Compliance Management, Threat Intelligence, Government Regulations

Supreme Court hears first appeals case for exec convicted under CFAA

A Supreme Court of Appeals will decide Monday whether to revisit a case that could determine requirements of the Computer Fraud and Abuse Act (CFAA).

The case, Musacchio v. United States, appeals the conviction of Michael Musacchio, the former president of transportation brokerage operator Exel Transportation Services (ETS), who was convicted of one felony count of conspiracy to make unauthorized access to a protected computer and two felony counts of hacking, for breaching his previous employer's servers after he left ETS to launch a competitor.

The U.S. Court of Appeals for the Fifth Circuit affirmed the district court's decision in November 2015, pending judgment of the U.S. Supreme Court. The high court heard the case (14-1095) on Monday and will decide whether to revisit the decision by the end of June, a representative of the Supreme Court told If the court grants the appeal the retrial would likely affect trial-level errors and statutes of limitations of cases involving CFAA convictions.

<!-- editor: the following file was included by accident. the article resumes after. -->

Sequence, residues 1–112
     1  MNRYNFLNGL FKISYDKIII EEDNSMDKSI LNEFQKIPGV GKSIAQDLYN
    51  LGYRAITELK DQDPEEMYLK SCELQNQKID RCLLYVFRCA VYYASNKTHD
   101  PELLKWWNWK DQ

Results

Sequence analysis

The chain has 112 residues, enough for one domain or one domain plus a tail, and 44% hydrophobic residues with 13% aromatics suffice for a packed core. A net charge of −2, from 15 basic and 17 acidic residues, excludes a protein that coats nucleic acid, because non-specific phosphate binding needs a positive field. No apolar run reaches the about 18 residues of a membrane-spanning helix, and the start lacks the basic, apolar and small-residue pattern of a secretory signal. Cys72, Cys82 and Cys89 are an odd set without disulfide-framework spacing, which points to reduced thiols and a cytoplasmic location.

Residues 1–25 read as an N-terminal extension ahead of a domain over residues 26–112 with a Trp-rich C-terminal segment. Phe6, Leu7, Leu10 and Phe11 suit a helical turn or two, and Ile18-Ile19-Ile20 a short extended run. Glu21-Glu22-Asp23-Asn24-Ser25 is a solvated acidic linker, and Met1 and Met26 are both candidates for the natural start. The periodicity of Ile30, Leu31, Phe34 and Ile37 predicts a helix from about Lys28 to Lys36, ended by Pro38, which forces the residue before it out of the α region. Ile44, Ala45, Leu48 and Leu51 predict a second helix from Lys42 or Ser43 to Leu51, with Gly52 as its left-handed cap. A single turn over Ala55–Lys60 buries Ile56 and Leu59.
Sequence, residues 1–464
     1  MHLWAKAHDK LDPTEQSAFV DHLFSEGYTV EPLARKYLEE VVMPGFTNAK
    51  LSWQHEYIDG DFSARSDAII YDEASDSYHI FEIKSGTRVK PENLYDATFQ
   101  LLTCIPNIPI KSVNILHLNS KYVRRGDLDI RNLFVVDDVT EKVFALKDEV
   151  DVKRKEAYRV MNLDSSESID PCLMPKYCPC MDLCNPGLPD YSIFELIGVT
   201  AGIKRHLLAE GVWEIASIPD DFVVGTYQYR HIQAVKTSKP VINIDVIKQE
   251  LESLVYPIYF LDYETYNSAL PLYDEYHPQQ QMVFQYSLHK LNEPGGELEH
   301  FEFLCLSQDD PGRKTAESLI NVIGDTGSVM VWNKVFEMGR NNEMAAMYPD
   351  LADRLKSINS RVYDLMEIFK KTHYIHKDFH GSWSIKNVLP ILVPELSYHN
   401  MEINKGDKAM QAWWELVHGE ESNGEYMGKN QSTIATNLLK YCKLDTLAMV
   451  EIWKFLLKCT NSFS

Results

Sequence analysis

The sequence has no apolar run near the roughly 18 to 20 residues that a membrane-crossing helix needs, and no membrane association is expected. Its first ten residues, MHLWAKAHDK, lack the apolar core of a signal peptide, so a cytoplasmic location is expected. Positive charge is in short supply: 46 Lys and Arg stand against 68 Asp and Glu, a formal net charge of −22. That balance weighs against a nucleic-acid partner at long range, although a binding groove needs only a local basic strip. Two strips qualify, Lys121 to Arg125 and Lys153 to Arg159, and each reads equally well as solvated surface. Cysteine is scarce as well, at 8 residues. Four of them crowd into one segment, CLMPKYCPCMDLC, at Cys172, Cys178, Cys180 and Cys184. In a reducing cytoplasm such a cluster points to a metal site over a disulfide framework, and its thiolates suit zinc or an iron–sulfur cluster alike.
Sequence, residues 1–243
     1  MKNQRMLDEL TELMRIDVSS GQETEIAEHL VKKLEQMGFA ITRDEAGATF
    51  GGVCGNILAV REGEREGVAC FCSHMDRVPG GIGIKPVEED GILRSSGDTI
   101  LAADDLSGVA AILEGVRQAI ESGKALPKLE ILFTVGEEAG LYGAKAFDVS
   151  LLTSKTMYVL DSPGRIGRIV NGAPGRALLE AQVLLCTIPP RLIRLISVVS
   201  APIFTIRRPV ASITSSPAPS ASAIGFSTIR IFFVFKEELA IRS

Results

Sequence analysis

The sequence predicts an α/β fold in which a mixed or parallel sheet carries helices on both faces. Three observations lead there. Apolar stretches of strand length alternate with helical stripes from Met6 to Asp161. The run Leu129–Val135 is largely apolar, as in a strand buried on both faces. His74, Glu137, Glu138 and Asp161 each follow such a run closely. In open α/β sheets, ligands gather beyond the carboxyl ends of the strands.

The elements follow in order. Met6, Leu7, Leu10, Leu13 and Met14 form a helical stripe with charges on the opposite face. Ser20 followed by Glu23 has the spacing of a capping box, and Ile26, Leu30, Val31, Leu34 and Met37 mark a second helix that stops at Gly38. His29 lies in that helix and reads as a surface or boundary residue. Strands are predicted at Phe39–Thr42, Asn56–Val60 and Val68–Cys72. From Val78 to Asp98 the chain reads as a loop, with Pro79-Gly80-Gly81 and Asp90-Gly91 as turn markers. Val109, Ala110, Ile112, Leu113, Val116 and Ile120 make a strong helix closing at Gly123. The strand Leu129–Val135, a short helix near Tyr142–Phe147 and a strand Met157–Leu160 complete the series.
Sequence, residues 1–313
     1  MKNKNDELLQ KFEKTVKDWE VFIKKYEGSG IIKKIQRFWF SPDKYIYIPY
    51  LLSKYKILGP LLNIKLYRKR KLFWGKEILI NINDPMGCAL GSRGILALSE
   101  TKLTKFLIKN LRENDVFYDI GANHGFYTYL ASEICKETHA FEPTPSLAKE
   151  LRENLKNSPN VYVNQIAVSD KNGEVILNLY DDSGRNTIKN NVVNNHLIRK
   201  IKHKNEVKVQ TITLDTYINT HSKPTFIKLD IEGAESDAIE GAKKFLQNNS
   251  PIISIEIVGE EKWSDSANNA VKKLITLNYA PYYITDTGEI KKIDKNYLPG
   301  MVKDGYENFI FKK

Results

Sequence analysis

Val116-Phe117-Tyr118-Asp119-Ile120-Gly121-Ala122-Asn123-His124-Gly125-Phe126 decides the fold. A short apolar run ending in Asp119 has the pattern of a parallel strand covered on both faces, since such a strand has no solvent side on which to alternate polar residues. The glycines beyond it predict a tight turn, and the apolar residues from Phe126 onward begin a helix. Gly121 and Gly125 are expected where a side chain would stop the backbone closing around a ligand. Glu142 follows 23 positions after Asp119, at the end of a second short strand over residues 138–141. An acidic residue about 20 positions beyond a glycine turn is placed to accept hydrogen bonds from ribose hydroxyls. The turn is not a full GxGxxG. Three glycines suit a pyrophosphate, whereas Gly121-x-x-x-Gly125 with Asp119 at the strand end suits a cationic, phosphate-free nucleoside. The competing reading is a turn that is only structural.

The CFAA is the federal anti-hacking legislation that has been used aggressively in the prosecution against hackers, researchers, and activists – including, most notably, in the trial of activist and Reddit co-founder Aaron Swartz, who committed suicide in January 2013 while awaiting trail and under federal indictment. CFAA has been criticized as outdated and poorly written, leading to broad over-enforcement. The legislation has also used more recently against Matthew Keys, a former Reuters journalist convicted of conspiring to help the hacking group Anonymous hack into the Los Angeles Times and alter its website.

Tor Ekeland, a defense attorney who regularly defends hackers - he was lead defense attorney for Matthew Keys - said the CFAA was written too broadly. “I think the CFAA is bad for capitalism,” he told

Earlier this year, the Justice Department sought revisions to the CFAA. The proposed changes included raising the minimum penalty for circumventing digital access barriers from a misdemeanor, to a 3-year felony. 

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